COVID-19/prevention & control , Hospitals, Special/organization & administration , Pharmacy Service, Hospital/organization & administration , Telemedicine/organization & administration , Workforce/organization & administration , COVID-19/epidemiology , COVID-19/transmission , Communicable Disease Control/organization & administration , Communicable Disease Control/standards , Communication , Humans , Medication Therapy Management/organization & administration , Pharmacists/organization & administration , Pharmacy Service, Hospital/standards , Professional Role , Stroke/drug therapy , Telemedicine/standards , Utah/epidemiology , Wounds and Injuries/drug therapy
17.
Res Social Adm Pharm ; 17(1): 1908-1912, 2021 01.
Article in English | MEDLINE | ID: covidwho-907109

ABSTRACT

COVID-19 has necessitated alterations to the delivery of healthcare services. Modifications include those made to improve patient and healthcare worker safety such as the use of personal protective equipment. Pharmacy services, specifically pharmacy transitions of care services have not been immune to change which have brought along their own set of unique challenges to consider. This paper discusses how COVID-19 has impacted the delivery of pharmacy transitions of care services with real world examples from Sharp Grossmont Hospital and Hoag Memorial Hospital Presbyterian. Procedures implemented to minimize the spread and contraction of COVID-19 such as minimized patient contact and altered visitor policies have made it more challenging to obtain a best possible medication list the patient was taking prior to arrival to the hospital which has lead to an increased reliance on secondary sources to complete medication histories. Regarding discharge prescriptions, preference has shifted to the use of electronic vs. hard copy prescriptions, mail order, and utilization of med to bed programs and other hospital medication delivery services to limit patient contact in outpatient pharmacies. An improved effort to resolve medication acquisition issues prior to discharge utilizing patient assistance programs and other hospital programs to cover the cost of medications for COVID positive patients under certain circumstances has been seen. This paper highlights the important role pharmacists can play in providing effective communication, supporting continuity of care, and advocating for patient engagement and empowerment during transitions of care in the COVID-19 pandemic.


Subject(s)
COVID-19/prevention & control , Patient Transfer/organization & administration , Pharmaceutical Services/organization & administration , Pharmacists/organization & administration , Communication , Continuity of Patient Care/organization & administration , Delivery of Health Care/organization & administration , Humans , Patient Discharge , Professional Role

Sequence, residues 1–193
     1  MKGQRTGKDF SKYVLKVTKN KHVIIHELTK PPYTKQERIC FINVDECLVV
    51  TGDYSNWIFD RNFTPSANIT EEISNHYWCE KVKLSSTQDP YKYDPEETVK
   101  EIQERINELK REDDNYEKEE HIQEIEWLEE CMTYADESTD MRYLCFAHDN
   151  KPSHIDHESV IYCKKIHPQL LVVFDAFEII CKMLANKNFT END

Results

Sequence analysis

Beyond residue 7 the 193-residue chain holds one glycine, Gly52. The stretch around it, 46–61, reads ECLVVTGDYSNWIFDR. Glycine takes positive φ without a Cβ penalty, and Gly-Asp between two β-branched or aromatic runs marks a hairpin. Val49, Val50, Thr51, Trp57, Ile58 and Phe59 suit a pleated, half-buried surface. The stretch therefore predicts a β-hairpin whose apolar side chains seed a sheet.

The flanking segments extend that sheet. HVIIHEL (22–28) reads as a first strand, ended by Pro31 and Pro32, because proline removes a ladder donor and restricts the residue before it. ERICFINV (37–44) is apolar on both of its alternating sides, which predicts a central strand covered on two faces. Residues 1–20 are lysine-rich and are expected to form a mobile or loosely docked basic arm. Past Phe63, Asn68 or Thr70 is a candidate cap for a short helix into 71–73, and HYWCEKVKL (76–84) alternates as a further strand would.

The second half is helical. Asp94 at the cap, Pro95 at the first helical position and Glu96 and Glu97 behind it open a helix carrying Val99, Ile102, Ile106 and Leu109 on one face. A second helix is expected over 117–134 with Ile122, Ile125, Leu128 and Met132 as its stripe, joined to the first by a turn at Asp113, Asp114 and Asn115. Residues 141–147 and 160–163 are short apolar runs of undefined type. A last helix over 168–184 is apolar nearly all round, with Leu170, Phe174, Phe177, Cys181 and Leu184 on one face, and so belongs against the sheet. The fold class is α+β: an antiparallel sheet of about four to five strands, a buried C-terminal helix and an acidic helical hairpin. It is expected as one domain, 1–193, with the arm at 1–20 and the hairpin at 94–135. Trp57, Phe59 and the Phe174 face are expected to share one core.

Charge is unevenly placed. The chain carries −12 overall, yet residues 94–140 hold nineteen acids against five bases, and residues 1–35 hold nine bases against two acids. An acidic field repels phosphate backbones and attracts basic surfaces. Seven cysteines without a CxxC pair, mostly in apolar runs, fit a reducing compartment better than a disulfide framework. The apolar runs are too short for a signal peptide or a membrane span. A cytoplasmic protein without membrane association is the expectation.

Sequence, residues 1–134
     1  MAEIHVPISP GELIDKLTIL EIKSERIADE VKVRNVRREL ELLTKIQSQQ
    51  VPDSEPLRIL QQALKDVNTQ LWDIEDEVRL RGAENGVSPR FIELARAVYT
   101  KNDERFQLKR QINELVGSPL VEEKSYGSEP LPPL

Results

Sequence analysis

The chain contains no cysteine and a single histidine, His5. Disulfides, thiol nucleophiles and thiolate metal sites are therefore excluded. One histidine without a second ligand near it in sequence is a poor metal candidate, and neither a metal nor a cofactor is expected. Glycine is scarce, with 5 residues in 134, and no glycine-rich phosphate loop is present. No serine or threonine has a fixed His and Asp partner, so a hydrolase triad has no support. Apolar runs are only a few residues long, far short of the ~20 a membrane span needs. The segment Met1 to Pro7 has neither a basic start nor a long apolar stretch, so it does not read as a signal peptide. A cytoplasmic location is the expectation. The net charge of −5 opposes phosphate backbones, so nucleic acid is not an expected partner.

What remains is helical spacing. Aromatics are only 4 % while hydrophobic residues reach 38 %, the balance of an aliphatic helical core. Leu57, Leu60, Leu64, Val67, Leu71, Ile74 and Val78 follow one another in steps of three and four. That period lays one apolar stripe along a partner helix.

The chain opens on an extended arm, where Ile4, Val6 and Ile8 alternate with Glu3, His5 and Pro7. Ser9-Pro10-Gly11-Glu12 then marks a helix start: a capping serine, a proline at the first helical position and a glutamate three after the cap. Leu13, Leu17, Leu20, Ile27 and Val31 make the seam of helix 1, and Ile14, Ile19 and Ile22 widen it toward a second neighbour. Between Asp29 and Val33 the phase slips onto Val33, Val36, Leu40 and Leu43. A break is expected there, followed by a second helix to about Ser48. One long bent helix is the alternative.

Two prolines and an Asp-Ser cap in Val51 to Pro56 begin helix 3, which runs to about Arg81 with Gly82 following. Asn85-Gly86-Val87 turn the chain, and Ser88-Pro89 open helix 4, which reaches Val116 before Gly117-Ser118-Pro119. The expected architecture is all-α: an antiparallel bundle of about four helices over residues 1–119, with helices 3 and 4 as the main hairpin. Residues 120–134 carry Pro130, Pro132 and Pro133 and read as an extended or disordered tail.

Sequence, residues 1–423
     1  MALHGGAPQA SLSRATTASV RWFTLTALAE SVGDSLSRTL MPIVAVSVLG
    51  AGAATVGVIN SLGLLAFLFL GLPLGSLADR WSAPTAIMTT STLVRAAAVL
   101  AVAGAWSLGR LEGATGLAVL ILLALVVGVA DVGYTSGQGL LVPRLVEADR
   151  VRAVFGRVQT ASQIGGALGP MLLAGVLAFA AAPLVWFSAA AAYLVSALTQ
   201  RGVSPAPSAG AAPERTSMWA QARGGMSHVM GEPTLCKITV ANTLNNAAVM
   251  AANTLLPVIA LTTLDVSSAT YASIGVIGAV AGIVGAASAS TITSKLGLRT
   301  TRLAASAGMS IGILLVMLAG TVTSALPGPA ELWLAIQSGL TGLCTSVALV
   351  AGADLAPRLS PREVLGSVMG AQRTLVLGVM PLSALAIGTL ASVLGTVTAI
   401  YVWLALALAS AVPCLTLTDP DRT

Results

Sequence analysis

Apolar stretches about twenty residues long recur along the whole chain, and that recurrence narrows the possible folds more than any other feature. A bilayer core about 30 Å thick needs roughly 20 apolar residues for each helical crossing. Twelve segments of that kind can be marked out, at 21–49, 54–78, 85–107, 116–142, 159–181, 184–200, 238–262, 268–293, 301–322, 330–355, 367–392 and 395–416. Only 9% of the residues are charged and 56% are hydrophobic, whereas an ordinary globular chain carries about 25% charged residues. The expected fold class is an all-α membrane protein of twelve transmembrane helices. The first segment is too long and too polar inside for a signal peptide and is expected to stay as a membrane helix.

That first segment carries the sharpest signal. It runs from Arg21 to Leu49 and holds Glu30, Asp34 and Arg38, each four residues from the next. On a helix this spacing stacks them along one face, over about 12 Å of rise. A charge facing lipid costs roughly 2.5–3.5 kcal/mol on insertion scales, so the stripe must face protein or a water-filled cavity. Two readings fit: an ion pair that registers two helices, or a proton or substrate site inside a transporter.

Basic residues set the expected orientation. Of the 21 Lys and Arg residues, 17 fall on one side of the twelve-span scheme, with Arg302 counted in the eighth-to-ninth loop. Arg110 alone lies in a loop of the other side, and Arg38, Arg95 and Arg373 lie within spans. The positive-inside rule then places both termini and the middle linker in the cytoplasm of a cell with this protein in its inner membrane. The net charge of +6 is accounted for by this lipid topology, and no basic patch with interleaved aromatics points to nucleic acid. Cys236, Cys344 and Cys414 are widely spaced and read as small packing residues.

18.
Res Social Adm Pharm ; 17(1): 1990-1996, 2021 01.
Article in English | MEDLINE | ID: covidwho-894201

ABSTRACT

The coronavirus disease 2019 (COVID-19) is the biggest public health threat the world has seen in many years and poses new challenges and opportunities to healthcare systems. The new reality imposed by the pandemic requires a modification of practices to ensure the health and safety of patients and medical teams. The purpose of this article is to share the experiences of the pharmacy department of the Centre hospitalier de l'Université de Montréal (CHUM) in response to the COVID-19 pandemic. Seven of the most important issues will be addressed: crisis management, internal communications, employee stress, reorganisation of workspaces, reorganisation of pharmacist workforce, telework and schedule management. Some of the changes made in human resources deployment will likely remain even post-pandemic.


Subject(s)
COVID-19 , Pharmacists/organization & administration , Pharmacy Service, Hospital/organization & administration , Workforce , Delivery of Health Care/organization & administration , Hospitals, University , Humans
19.
J Clin Pharm Ther ; 46(1): 236-239, 2021 Feb.
Article in English | MEDLINE | ID: covidwho-883269

ABSTRACT

WHAT IS KNOWN AND OBJECTIVE: Clinical pharmacists actively participate in patient care via patients' medication use. Yet the setting of Coronavirus Disease 2019 (COVID-19) limits patient contact with healthcare personnel. We aimed to review the services provided and drug-related problems detected using telemonitoring methods to guide clinical pharmacists in providing service in treating COVID-19 patients. COMMENT: At a tertiary care hospital in Thailand, clinical pharmacists provided pharmaceutical care services for COVID-19 patients via telemonitoring using the hospital's computerized physician order entry system. The pharmacists were able to provide therapeutic drug monitoring services, especially for anticoagulants. Many patients were considered special populations, with individualized requirements for drug dosing. Some adverse drug reactions were observed. Drug-related problems were mostly related to medication use in critically ill patients. WHAT IS NEW AND CONCLUSION: Telemonitoring is a viable method for clinical pharmacists to provide pharmaceutical care and meet the challenges posed by treating patients with COVID-19.